Voronoi between two concentric circles


(Waffle Man) #1

I was exploring Grasshopper some more (particularly the voronoi component), and was wondering if anyone had any suggestions for how one might go about creating voronoi between two concentric circles, with the cells all touching each other. The way I was suggested to go about it using a rectangular bounds was with the 3D voronoi component, and taking a cross section of that. However, I know that the 3D voronoi component is bounded by a box, so I was wondering how it would be done for concentric circles. Thanks!!

Voronoi attractor for non-box boundary
(David Rutten) #2

You can compute the voronoi shapes and afterwards cut them against circular boundaries. Would that work for you?

(Waffle Man) #3

So generate it within a rectangle, and then trim to fit within the circular bounds? I guess it probably could. The idea is to be able to use an attractor to cause certain areas to be composed of smaller pieces and other regions to be composed of larger pieces

(David Rutten) #4

You can distribute your points however you like. That’s step 1, the boundary cutting is step 2.
The region intersections are slow, but it works: voronoi custom boundary.gh (21.0 KB)

(Waffle Man) #5

Thanks a lot!! I’ll mess around with it and see

(Waffle Man) #6

So I recreated your definition on my own, and for some reason (even after I finally directly copied over each of your components), the definition fills the inner circle instead of the region between the two. Any idea why this could be? My definition should be identical to yours


Pottery Barn rule (“you break it, you own it”). :wink:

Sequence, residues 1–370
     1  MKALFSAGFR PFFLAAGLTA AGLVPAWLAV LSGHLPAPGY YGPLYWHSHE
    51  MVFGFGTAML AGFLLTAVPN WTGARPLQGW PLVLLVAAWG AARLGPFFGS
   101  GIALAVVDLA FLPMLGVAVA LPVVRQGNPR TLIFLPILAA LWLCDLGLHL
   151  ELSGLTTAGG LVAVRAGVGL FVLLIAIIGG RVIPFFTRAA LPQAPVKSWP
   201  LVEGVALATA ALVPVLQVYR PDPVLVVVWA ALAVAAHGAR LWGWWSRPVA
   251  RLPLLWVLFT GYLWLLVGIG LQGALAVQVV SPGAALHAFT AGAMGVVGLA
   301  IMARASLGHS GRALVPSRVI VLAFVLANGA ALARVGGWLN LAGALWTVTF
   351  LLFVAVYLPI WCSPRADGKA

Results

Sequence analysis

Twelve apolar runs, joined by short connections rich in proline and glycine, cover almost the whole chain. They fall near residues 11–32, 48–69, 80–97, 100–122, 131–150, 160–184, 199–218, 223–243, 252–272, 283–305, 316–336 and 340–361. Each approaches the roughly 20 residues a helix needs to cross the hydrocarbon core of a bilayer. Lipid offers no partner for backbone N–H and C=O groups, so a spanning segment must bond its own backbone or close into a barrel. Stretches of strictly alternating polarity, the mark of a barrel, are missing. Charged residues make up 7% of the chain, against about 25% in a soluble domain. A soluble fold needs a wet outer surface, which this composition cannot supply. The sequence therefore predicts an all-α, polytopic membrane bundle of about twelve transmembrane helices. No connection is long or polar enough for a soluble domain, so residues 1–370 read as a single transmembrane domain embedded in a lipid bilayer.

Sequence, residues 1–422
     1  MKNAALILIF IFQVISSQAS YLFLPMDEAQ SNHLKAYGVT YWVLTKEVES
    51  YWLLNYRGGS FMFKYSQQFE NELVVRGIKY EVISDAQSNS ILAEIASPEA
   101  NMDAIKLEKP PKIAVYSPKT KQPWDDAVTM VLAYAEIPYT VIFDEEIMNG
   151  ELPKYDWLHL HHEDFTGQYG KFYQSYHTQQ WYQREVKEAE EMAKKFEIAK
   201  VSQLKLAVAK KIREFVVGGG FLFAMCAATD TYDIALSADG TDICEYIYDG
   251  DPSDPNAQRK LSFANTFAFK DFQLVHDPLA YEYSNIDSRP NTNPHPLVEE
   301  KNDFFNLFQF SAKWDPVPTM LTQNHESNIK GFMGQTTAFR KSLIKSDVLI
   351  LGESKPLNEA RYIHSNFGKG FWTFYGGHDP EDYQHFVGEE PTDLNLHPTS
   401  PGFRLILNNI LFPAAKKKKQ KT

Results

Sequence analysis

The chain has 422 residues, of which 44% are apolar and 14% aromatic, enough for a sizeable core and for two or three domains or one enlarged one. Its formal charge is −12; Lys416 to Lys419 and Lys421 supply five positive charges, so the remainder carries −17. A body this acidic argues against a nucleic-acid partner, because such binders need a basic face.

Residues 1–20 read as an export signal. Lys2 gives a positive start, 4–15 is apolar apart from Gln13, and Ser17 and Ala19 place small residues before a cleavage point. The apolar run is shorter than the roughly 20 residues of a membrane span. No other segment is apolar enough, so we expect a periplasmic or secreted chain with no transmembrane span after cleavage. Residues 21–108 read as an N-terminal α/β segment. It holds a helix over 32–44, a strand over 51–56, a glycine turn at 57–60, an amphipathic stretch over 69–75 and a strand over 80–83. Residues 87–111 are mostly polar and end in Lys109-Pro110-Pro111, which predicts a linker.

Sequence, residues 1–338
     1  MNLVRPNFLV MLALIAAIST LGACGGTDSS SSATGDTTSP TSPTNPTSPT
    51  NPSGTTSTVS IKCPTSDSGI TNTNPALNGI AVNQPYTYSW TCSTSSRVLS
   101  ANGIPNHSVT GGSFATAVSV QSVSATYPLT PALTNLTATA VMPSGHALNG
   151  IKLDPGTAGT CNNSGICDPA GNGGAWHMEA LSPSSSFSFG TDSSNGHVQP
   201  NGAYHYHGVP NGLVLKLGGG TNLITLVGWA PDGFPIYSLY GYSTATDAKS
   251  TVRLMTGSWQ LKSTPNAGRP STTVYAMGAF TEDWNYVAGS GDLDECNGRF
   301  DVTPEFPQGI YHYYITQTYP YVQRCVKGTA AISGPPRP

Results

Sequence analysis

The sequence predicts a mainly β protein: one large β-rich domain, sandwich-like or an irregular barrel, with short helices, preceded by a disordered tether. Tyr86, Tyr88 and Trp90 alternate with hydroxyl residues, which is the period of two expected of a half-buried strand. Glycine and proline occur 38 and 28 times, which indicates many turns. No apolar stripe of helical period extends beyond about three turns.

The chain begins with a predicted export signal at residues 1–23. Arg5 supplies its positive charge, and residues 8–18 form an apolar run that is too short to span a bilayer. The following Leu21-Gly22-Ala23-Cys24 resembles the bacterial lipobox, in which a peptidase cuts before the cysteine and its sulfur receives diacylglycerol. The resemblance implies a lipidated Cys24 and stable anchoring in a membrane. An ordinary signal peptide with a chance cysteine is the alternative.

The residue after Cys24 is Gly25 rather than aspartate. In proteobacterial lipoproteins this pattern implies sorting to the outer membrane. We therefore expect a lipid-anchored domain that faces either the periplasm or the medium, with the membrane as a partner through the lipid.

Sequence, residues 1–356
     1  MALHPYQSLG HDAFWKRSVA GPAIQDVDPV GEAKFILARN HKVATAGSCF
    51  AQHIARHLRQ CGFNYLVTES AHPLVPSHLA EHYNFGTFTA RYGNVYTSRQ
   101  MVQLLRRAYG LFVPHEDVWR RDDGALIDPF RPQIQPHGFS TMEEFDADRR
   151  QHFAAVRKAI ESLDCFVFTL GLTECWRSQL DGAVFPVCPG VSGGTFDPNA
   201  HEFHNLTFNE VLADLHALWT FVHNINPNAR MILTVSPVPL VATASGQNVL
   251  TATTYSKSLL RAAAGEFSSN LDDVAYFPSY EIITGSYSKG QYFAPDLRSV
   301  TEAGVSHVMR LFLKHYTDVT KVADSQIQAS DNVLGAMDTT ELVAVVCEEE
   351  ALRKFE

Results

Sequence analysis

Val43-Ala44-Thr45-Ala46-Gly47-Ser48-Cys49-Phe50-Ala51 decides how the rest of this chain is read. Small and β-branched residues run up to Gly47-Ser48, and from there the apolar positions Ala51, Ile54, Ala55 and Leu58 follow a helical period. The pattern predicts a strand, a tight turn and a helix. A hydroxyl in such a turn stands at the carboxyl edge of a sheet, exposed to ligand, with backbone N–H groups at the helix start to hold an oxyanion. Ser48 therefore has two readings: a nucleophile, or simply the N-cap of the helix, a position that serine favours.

Why is your GH file 1 MB while David’s is only 21KB?

(Waffle Man) #8

Because it has other definitions inside.

(Laurent Delrieu) #9

The file has a GHX extension so it is text XML, not binary compressed GH file.
@aaronsmolar GHX are just useful if you want to look inside or debug after acrash. Not very effective in term of size.


(Waffle Man) #10

Yeah I heard about that on another thread I made. I already created this file, but next time, I will use .gh

(Laurent Delrieu) #11

You could also look at this thread, it is about copy about Julien Leonard work

(Michael Pryor) #12

Go to file > save as >.gh

(Waffle Man) #13

PrecedentStudy.gh (90.0 KB)

(Laurent Delrieu) #14

Elementary my dear Watson, you took the wrong component, use Region Difference instead of Region Intersection

(Waffle Man) #15

HAH I knew it was something stupid. Thanks so much!!

(Laurent Delrieu) #16

Sometimes it is tricky. Use the green button to follow the flow of the definition and to see the steps and see where is the problem.

(Waffle Man) #17

Thanks a lot! So that will step through and show the results for each component? I’m pretty new to Grasshopper, so I didn’t even know that existed

(Michael Pryor) #18

So that will step through and show the results for each component?

No. It will only preview any components you select. @laurent_delrieu is telling you to turn it on then select components one by one up stream and see what each one does.

(Waffle Man) #19

I think my problem is understanding what the graph mapping component usually does

(Michael Pryor) #20

It works like any graph does (you know the kind you learn in high school with one of these)

It takes your values and sets them along an axis. Where they hit the graph curve on the other axis is the value they are mapped to. In the case of the below image a value of .7 would become .35.